Spring 2016 ‘Understanding the Other’

The Spring 2016 Discussion Series ‘Understanding the Other’ wants to explore the underlying causes of current turmoil on refugees, conflicts and terrorism that are dominating the headlines. Major social and political unrest seems to affect everyone’s lives. Digging deeper into the social, political and cultural undercurrents can help to create a better understanding of each other. Topics that will be discussed are conflict in relation to anti-modern ideologies, shifts in economic power, the role of religion, inclusion and exclusion of “the other”, and the role of peace movements.

Fall 2015 ‘Global Advocacy and New Partnerships’

The Fall 2015 Discussion Series ‘Global Advocacy and New Partnerships’ seeked to explore the spectrum of lobbying and advocacy by identifying factors for successful advocacy strategies and addressing new ways of inter-sector cooperation. Issues that were discussed are related to dynamics between governments and NGOs as well as businesses and small producers, the role of research, and the debated relevance of internet and social media for advocacy.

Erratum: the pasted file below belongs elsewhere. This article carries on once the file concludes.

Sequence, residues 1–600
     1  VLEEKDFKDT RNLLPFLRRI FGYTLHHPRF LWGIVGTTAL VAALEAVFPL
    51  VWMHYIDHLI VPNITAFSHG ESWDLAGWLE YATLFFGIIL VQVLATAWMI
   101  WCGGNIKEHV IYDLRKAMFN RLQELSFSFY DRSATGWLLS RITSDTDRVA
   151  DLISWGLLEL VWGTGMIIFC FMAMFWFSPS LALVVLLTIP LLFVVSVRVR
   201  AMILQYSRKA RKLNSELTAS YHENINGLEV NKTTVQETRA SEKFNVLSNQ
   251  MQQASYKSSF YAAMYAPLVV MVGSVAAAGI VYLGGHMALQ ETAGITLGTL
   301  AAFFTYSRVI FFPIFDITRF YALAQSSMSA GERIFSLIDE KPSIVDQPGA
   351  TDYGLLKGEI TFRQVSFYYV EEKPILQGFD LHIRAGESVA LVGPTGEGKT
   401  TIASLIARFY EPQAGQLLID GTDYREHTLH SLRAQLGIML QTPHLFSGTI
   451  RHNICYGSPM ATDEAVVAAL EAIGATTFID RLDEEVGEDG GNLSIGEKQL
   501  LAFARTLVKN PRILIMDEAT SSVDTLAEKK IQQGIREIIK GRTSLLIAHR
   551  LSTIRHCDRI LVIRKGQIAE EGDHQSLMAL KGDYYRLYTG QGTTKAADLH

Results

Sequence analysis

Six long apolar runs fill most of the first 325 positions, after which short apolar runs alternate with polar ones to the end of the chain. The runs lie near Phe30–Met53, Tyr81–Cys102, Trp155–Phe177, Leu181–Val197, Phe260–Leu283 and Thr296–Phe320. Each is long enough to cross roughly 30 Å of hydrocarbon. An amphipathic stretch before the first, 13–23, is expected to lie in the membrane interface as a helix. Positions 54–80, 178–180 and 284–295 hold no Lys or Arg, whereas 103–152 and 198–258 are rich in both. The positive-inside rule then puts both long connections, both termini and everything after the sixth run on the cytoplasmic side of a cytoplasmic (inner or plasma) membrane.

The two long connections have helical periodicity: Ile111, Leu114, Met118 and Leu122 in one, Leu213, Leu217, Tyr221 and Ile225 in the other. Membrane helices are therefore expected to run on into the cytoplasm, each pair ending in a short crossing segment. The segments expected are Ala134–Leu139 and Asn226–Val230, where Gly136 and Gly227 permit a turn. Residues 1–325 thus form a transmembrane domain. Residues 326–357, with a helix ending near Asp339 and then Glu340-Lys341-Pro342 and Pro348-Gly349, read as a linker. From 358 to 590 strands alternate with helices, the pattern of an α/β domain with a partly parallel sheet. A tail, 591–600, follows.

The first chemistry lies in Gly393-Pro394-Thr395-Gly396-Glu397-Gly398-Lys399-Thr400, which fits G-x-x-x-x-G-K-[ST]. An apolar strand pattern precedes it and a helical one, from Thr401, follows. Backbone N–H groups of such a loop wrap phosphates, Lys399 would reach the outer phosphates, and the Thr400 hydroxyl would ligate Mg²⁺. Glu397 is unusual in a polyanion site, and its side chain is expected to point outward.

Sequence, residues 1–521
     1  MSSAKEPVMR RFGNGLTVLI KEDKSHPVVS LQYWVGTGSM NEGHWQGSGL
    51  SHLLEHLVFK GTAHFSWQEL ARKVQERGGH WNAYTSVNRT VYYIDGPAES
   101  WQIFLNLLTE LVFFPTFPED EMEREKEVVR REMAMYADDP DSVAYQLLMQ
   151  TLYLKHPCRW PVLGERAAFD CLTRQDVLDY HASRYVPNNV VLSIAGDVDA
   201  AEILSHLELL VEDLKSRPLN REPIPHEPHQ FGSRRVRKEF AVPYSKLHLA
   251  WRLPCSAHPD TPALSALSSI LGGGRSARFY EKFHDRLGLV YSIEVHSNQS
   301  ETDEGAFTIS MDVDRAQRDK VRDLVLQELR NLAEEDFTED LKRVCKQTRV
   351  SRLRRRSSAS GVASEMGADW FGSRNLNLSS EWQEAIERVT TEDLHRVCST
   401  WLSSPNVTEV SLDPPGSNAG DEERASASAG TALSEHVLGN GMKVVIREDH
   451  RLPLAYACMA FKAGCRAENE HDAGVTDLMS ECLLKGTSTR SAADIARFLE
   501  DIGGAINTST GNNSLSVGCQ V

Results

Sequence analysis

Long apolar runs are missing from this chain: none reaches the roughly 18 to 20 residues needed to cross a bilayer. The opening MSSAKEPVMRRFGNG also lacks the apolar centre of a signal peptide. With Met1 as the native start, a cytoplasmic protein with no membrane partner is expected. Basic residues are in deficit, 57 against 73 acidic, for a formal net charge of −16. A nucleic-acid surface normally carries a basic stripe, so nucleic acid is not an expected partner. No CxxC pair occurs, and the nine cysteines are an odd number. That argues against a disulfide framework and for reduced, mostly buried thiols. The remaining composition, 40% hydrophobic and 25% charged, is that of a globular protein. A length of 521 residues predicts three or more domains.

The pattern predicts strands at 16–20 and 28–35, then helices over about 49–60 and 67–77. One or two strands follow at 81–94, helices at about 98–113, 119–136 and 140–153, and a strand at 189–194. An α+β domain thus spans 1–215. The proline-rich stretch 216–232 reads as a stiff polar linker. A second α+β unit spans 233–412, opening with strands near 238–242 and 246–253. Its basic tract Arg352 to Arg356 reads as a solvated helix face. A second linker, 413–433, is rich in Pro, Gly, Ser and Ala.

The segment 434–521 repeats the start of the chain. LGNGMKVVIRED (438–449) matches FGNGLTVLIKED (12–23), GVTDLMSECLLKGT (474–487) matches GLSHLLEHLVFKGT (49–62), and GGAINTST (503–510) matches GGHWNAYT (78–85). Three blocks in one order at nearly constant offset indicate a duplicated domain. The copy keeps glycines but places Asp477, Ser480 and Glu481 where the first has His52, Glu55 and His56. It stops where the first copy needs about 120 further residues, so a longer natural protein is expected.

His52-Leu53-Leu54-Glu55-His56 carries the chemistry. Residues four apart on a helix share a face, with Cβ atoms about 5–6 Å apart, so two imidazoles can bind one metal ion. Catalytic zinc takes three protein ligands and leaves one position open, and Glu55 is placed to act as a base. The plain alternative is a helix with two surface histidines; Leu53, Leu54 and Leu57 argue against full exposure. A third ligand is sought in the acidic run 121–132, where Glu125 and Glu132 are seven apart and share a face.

2014 – 2015 ‘New Spaces for International Engagement’

2014-2015_slideshow (1)The 2014-2015 SID Monthly Discussion Series ‘New Spaces for International Engagement’ at the ISS welcomed anyone interested in discussing matters related to international cooperation and current global affairs.  Students, representatives of (international) organisations, NGOs and representatives of the government came to listen to national and international speakers share their expertise in relation to international development and cooperation.
In 2014-2015 we continued with the Bread & Brains series at the Humanity House. We welcomed inspiring speakers such as Volker Türk (UNHCR), Mark Singleton (ICCT), Elisabeth van der Steenhoven (WO=MEN), Maria Silvia Gatta (European Commission) and H.E. Mr Arslan (Turkish Ambassador in The Netherlands).